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What is this “ISO” charge on my water bill?



 

 

When most people pay their water bill, they typically only think of how much water they purchase, which, in this time of drought, is a natural thing with which to be concerned. Most people don’t really think about their “ISO” charge.

What is the “ISO” – ISO is an acro­nym for Insurance Standards Office. The ISO is a national organization that does risk assessment and under­writing for the insurance industry. Of particular interest is that the ISO utilizes its “Fire Suppression Rating Schedule” to measure the major ele­ments of a community’s fire protec­tion system. The ISO rating translates into how much homeowners and busi­nesses pay for fire insurance or even if fire insurance is available in a given community.

Items included in the rating are: emergency communications; tele­communications; dispatch; number of engine companies, number of reserve engines; water pumping capacity of engines; ladders and service compa­nies; deployment of stations and re­sponse times; number and training of fire personnel; fire prevention through code enforcement; public fire safety education and fire investigation.

In the ISO’s “Fire Suppression Rat­ing Schedule,” a community can re­ceive a possible 105.5 possible rating points, 50 of which are based upon the assessment of the Fire Department.

ISO Rating and the Water System – As part of the evaluation process, ISO also rates the community’s water sys­tem and its ability to meet firefighting requirements while at the same time meeting normal operational demands. Water supply quantity, storage distri­bution, storage capacity, water main capacity, flow rates, the ability to sus­tain those fire flow rates for extended periods of time, fire hydrant size, type, distribution, and readiness are the fac­tors looked at in the water system rat­ing process.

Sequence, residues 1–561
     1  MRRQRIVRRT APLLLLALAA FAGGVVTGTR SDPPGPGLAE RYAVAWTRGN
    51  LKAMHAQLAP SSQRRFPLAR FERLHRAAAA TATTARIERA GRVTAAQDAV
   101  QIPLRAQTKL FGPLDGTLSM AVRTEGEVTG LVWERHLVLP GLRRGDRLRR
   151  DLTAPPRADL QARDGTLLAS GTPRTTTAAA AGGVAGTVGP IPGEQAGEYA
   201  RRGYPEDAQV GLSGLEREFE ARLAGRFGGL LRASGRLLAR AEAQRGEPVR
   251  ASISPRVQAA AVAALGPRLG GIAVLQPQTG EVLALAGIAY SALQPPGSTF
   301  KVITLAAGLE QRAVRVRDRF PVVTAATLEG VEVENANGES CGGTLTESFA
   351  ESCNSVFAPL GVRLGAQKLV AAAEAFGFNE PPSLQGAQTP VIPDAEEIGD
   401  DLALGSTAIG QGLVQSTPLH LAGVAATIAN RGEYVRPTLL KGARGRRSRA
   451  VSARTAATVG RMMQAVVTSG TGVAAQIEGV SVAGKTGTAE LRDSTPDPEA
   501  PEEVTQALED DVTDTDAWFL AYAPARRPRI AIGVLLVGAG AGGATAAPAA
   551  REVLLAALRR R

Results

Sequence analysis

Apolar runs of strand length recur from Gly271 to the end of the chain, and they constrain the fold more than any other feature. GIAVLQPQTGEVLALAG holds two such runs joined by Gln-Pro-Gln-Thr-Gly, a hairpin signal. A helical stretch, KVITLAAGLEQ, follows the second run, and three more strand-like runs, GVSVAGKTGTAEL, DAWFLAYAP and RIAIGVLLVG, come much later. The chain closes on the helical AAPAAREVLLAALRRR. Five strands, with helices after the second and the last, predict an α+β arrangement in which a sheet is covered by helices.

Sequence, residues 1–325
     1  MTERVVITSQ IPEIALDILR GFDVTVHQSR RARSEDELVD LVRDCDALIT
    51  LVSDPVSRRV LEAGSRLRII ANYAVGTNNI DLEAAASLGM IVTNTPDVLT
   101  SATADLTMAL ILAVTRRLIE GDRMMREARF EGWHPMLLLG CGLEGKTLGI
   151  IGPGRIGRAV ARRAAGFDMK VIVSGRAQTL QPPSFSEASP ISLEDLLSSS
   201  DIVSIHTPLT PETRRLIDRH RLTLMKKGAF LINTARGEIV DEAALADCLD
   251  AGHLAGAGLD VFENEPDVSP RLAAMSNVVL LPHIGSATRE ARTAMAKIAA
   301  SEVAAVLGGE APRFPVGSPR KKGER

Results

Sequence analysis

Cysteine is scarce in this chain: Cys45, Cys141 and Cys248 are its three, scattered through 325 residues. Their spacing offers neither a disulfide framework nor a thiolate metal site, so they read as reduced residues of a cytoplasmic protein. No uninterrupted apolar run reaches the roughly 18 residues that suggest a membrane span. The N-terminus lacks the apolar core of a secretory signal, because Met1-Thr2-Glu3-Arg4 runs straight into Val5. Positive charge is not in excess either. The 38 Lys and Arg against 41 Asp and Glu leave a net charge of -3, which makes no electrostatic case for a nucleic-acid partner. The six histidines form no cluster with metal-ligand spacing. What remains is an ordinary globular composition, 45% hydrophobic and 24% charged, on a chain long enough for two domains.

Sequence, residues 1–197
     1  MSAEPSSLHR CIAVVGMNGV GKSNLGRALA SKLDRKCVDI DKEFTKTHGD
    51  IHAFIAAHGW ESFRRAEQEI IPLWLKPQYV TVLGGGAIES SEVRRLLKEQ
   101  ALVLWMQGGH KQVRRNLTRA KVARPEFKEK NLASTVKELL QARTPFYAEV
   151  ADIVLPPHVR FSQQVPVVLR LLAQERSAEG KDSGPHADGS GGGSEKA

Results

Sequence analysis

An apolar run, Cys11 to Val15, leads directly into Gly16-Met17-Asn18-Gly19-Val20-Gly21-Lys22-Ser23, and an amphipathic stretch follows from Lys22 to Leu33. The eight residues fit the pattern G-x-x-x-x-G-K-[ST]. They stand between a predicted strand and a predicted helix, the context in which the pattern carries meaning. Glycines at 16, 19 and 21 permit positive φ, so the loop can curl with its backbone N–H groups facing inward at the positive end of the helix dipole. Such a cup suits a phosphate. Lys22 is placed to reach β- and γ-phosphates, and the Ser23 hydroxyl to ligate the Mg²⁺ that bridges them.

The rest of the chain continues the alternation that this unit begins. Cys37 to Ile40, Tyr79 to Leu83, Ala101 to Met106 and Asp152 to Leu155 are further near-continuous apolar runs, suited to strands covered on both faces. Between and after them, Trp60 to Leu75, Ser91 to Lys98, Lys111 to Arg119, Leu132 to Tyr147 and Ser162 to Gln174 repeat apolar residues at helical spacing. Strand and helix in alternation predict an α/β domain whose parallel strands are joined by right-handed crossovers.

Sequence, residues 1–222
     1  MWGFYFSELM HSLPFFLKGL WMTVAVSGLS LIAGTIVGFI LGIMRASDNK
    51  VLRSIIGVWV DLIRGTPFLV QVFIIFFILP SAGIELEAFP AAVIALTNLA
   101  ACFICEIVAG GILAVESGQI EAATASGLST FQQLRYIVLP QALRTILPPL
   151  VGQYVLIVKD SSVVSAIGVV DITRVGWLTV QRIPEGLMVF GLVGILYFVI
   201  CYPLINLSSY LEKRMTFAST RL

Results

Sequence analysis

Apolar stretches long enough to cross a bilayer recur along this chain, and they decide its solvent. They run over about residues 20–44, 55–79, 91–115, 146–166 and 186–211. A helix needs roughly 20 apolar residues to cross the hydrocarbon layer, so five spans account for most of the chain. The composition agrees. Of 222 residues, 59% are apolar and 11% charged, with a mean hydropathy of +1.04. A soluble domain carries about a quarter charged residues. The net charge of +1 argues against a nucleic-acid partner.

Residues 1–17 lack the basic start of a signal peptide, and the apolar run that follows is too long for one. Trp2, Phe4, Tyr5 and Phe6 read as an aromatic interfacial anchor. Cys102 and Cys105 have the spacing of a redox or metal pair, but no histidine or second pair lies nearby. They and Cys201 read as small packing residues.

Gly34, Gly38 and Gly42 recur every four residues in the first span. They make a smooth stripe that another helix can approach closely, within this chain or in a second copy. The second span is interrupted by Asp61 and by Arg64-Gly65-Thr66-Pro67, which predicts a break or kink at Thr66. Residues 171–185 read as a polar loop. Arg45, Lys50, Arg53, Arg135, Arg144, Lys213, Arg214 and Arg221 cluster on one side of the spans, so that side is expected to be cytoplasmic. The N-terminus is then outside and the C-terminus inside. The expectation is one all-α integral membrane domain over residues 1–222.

On the ISO website it states that “water resources are vital to a com­munity’s health. ISO works with …. the municipal water supply agencies nationwide to evaluate the adequacy of water infrastructures for fire sup­pression and effective firefighting. Water is a major component of a com­munity’s Public Protection Classifica­tion (PPC™) grade. The water supply is also important to insurers, who need an accurate and objective assessment of the fire protection capabilities that serve millions of residential and com­mercial properties.”

Little wonder then that 40 of the 105.5 total possible points are based upon the assessment of the water sup­ply and water system.

So how does VCMWD’s water sys­tem stack up under the ISO analysis? In the last ISO rating completed in 2011, Valley Center’s water system garnered almost 37 out of 40 possi­ble points and was classified as a “1” water system, meaning “exemplary fire protection” capability. This was obtained largely because at 24 out of 25 test locations in the system, avail­able water flow from hydrants met or exceeded the fire suppression require­ments. Since 2011, the water system has continued to be upgraded with more hydrants and it is likely that the ISO rating might be even higher for the next evaluation.

According to Fire Chief Joe Na­pier, the Valley Center Fire Protection District has “a level of comfort in the knowledge that the Water District will be there supporting fire operations by improving necessary volume and assuring needed pressure thresholds are in place to quickly and efficiently mitigate the fire emergency.”

Where is the ISO Charge on the Water Bill? – It’s there, but is part of the monthly service charge and in the charge for water shown on the water bill. It is the portion of your monthly water charges that go to fund the out­side contractors, engineers, materials, equipment and District staff needed to operate, maintain and upgrade the water system and sustain its capacity to meet normal demands, plus it helps meet the fire flow demands which might be placed on it at any time.

Use Less Water, Water Rates Go Up – VCMWD is focused on and com­mitted to maintaining the water sys­tem in a high state of readiness at all times because fires don’t come with an advanced warning.

Consequently, even though wa­ter demands continue to decline due to the loss of agriculture and the ef­fects of drought and conservation, the amount of revenue needed to operate, maintain and sustain the water infra­structure per unit of water commodity or monthly service charge must inevi­tably increase. The option to sustain­ing revenues is to reduce the invest­ment in the capacity, capabilities and readiness of the water system at the cost of lowered firefighting capability and overall public safety in the com­munity.

In the interest of maintaining pub­lic safety, VCMWD does not see that as an option. We hope our ratepayers agree.

Gary Arant
General Manager
Valley Center Municipal WaterDistrict


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